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June 04, 2002
Electronics and Appliances Sector Rated Highly for Environmental Performance
    by William Baue

German research firm also finds, however, that there is much room for improvement in the sector's social performance.

Last week, the Munich, Germany-based social and environmental research firm Oekom Research AG released another in its series of "Corporate Responsibility Rating" sector reports. This most recent report evaluates the world's top 16 manufacturers of office electronic equipment and domestic appliances. The industry received significantly higher ratings for environmental performance than social performance. This may be because new electronics and appliance recycling laws in Japan and the European Union (EU) are forcing companies to develop stricter environmental practices. Specifically, the laws encourage manufacturers to integrate recycling into product design, as the regulations ensure that products will be returned to the company after being used by consumers.

Oekom's Corporate Responsibility Rating assesses the environmental and social performance of companies by examining 200 criteria. Companies are graded on a scale from A+ to D-, with A+ being the best possible score. The electronics and appliances sector scored relatively well in overall environmental performance, earning a B-. The report particularly applauded the sector for its progressive innovations that facilitate the recycling process.

"The equipment can be dismantled [and then] easily and quickly upgraded," said Frank Werner, the Oekom researcher who performed the analysis. "This prolongs its useful life and can stem the flood of obsolete equipment a little."

Japan's new household electric appliance recycling law, implemented in April 2001, and the EU Parliament's current draft of a similar law hold manufacturers responsible for recycling their electric appliances. However, the two laws differ significantly in where they place the economic onus for recycling.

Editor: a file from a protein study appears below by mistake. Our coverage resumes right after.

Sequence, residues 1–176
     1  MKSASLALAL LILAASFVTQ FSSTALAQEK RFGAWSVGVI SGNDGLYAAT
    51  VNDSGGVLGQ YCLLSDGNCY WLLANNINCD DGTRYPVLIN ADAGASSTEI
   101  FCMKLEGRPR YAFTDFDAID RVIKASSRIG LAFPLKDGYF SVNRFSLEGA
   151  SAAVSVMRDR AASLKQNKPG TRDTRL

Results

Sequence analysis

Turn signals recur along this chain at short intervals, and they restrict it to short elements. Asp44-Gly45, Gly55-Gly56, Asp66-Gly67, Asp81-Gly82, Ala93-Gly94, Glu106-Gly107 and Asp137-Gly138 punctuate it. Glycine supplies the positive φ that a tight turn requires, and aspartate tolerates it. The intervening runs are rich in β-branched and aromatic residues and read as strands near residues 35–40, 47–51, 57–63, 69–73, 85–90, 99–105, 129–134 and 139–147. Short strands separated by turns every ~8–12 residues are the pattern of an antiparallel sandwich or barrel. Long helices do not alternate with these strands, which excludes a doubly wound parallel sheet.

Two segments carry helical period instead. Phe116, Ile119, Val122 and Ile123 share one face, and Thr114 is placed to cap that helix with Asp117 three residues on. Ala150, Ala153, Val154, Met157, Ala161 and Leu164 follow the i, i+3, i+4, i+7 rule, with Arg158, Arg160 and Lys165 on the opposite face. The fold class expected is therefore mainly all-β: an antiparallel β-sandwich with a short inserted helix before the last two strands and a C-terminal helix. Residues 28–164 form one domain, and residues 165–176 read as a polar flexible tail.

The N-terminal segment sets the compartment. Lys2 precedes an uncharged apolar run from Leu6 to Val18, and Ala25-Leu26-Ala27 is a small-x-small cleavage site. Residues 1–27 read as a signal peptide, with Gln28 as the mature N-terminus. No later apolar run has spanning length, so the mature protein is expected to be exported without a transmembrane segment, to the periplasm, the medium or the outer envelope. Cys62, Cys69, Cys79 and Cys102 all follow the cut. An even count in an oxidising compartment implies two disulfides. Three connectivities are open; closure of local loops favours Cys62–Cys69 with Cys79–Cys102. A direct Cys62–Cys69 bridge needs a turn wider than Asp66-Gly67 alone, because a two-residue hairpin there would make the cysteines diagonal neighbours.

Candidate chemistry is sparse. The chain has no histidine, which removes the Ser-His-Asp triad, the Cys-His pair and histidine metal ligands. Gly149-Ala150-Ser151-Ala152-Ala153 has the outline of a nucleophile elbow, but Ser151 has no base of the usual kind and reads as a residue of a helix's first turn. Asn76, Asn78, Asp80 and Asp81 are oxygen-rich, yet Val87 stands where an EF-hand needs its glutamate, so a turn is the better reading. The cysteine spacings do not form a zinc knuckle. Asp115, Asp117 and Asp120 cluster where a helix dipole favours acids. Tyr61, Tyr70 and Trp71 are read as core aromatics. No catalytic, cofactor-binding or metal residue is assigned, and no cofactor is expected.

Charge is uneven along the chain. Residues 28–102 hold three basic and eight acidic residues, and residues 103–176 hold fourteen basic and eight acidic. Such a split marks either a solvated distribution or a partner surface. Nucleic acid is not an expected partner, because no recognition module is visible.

The Japanese electric appliance recycling law, called the "Japan model," calls on consumers to foot the recycling bill when they return the appliances to retailers. However, critics point out that consumers wary of shouldering the economic burden of recycling may divert used appliances into illegal dumps. Also, the development of a large market for used appliances could hurt manufacturers that have established recycling centers. That is because the centers need to receive a large number of appliances to keep costs down. The Tokyo metropolitan government suggested that the Japanese law, which covers television sets, refrigerators, washing machines, and air conditioners, shift from a pay-after to a pay-before scheme to circumvent these diversions.

The EU law, which falls under the rubric of "waste electrical and electronic equipment" (WEEE), places the economic responsibility on manufacturers for collecting and recycling used electric appliances. The recycling of "orphan products," or products manufactured by companies that then disappear, presented a difficulty for the law's authors. The legislators solved this problem by requiring existing companies to share the burden of recycling orphans. To prevent companies from avoiding recycling costs by closing shop before their products were returned, the law also established an upfront fee to cover future recycling. The law's authors also outlawed the practice of installing "clever chips" that seek to buoy the new market by preventing products, such as ink-jet cartridges, from being reused.

The trend toward legislating recycling is pushing the office electronics and appliances sector to create innovative practices for product recycling. Apparently, this challenge has inspired the industry to advance its environmental performance much more progressively than its social performance. The Oekom study revealed the sector's dismal record for employing women in management positions, especially at Japanese firms. Sharp and Toshiba, both of which scored well with an overall grade of B, have a mere 0.5 percent of their top executive positions filled by women. Oekom compares this to Xerox, the U.S.-based rival that employs 31 percent women in the upper echelon of its management. Overall, the electronics and appliance sector scored a C- on its social rating.

"Despite the poor social performance, the overall results of the study are encouraging," said Mr. Werner. "With an average score of C+, manufacturers of office equipment and domestic appliances showed themselves to be more progressive than companies in many other sectors."


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